It should come as no surprise that Butterfield viewed American conduct of the Cold War with grave misgiving, and the American "victory" in that conflict would not have pleased him either. (Butterfield died in 1979, long before the collapse of the Soviet Union.)
A multipolar world is inherently valuable because it allows states a great deal more flexibility and it preserves their independence. The bipolar Cold War and the unipolar American hegemony which followed have rendered states much more susceptible to manipulation by the primary powers or power. (p. 145)
Like Murray Rothbard, he did not take the revolutionary rhetoric of world communism as an insurmountable bar to peaceful accommodation:
Butterfield always believed that, given enough time, revolutionary and ideological states could eventually become partners in defending an international order in order to defend their own continued existence and because the exigencies of the international predicament would encourage such normalization of relations … the experience of Western liberal democracies with the People's Republic of China has supported Butterfield's general notions. (p. 140)
If Professor McIntyre were to read this review, he could with entire justice complain that I have given a misleading account of his book. Butterfield's views on foreign policy are only one of the topics he covers. It is in regard to one of these other topics that I should like to raise an objection to Butterfield's views. McIntyre devotes great attention to Butterfield's depiction of the "historical revolution." This refers to the development of history as a technical discipline, culminating in the work of Leopold von Ranke in the 19th century. Here the aim is to discover what actually happened in the past.
In contrast, the "practical conception of the past" understands history in relation to the religious beliefs or political aims of a particular community. Butterfield does not reject the practical conception, so long as it is not confused with technical history. His most famous work, The Whig Conception of History, criticized the anachronistic reading of the
English past in terms of a story of the progress of Protestantism, parliamentary power, and liberty, and … a general tendency or attitude toward the past which conceives of the past primarily or solely in terms of its contribution to a current state of affairs. (p. 8)
But this criticism did not prevent Butterfield in The Englishman and His History (1944) from himself undertaking a Whig interpretation of English history. In the latter book, his purpose was not to write technical history; rather, Butterfield "always thought" of the book "as his contribution to the British war effort." (p. 63). E.H. Carr was then wrong to tax Butterfield with contradiction for writing the sort of Whig history he had earlier condemned: technical and practical or prophetic histories have different purposes.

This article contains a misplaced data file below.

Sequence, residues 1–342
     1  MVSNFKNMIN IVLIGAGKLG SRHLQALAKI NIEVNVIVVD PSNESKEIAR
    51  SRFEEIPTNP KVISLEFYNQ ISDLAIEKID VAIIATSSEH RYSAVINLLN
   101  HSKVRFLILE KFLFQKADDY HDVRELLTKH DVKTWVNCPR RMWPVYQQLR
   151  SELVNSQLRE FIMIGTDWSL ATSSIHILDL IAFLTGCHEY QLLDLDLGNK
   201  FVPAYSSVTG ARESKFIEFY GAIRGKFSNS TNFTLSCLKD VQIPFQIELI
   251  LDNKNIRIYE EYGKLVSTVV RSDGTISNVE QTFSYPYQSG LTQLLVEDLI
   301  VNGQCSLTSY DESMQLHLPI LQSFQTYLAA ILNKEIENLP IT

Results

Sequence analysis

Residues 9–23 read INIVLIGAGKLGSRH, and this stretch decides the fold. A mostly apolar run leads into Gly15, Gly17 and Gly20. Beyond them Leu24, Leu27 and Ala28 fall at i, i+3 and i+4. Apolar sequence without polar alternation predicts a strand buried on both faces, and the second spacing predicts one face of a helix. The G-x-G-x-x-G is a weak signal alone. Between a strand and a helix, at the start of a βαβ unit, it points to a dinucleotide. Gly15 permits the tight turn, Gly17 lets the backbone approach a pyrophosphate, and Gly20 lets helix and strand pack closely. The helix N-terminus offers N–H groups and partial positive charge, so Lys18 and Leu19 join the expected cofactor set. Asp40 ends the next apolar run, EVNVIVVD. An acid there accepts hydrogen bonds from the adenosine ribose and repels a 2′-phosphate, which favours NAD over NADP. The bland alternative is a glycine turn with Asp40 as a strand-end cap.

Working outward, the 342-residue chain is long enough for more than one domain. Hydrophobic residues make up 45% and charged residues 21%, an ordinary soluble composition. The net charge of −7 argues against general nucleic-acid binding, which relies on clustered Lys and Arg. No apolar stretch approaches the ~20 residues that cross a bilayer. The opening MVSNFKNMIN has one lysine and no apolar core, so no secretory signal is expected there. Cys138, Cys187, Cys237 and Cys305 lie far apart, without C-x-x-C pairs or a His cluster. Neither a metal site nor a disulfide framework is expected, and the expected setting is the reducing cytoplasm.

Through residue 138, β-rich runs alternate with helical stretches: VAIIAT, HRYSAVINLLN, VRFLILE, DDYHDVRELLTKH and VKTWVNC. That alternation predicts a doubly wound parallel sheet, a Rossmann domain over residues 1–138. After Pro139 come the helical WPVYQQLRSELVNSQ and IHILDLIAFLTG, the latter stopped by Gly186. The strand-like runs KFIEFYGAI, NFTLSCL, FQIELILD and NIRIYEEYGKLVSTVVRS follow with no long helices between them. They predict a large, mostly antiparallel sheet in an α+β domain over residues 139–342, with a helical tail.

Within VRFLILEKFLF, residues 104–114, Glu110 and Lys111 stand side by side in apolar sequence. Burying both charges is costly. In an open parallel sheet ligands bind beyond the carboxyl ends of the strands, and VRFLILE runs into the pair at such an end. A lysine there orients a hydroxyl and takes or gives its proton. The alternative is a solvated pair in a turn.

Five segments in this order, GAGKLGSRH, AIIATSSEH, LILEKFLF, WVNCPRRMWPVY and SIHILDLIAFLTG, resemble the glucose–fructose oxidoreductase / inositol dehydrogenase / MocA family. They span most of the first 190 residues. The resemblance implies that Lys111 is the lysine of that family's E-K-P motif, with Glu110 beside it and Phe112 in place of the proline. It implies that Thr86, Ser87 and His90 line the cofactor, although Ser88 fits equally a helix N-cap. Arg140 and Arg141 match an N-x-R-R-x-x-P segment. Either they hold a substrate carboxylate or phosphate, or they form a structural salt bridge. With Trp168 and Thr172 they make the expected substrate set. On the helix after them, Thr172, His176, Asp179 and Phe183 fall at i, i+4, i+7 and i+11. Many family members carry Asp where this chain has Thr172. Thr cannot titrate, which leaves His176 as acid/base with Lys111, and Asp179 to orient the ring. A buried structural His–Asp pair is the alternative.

The problem I have in mind concerns the assertions made in practical history. Ordinarily, when we assert something, we are asserting it to be true. Does the practical historian intend us to take the statements he makes about the past as true? If he does not, what does he take himself to be doing when he makes such statements? If he does claim to be asserting true claims about the past, what are his grounds for doing so, given that he by hypothesis has not followed the canons of technical history but has rather viewed the past from the standpoint of present concerns? Of what use, e.g., are Butterfield's searching accounts of the Westphalian system and its overthrow in the 20th century unless what he says about these matters is true?
Butterfield appears to have enmeshed himself in an epistemological tangle. The confusion becomes even worse when one recalls that Butterfield, apparently influenced by his friend Michael Oakeshott's Experience and Its Modes, held that not even technical history offers fully true statements. Instead, technical history considers the world from a particular perspective: "For Butterfield, science, like history, is best understood as a conditional way of conceiving the world which is satisfactory in a provisional way but ultimately inadequate in explaining the meaning of human existence" (p. 87). I cannot argue the point here, but I venture to suggest that this position cannot stand. If you assert something, you assert it to be true, and you cannot at the same time say that it is "ultimately" untrue.
McIntyre displays great learning, but I note a few points of disagreement. It is surprising that in his references on the 18th-century Göttingen historians (p. 194, note 47), he does not cite the standard work of Peter Hanns Reill, The German Enlightenment and the Rise of Historicism (University of California Press, 1975). When Imre Lakatos said that "the history of science should be written as it should have taken place" (p. 196, note 63), this did not commit him to a Whig conception of the history of science. I doubt that Oakeshott's target in his criticism of sociological explanations of human action was Peter Winch's Wittgenstinian The Idea of a Social Science(pp. 204–205, note 116). Winch was himself a strong critic of Durkheim and conventional sociology. Winch's book, by the way, criticizes Oakeshott's account of morality. The French historian Emmanuel Le Roy Ladurie's name is misspelled "Le Roy Ledurie" (p. 38, also p. 184, note 96).
But these are mere cavils, and I highly recommend McIntyre's masterful study. It is well known that McIntyre is no admirer of Leo Strauss and his school, and his mordant remarks on the eminent Straussian Harvey Mansfield's articles on Sir Lewis Namier should not be missed (p. 205, note 120).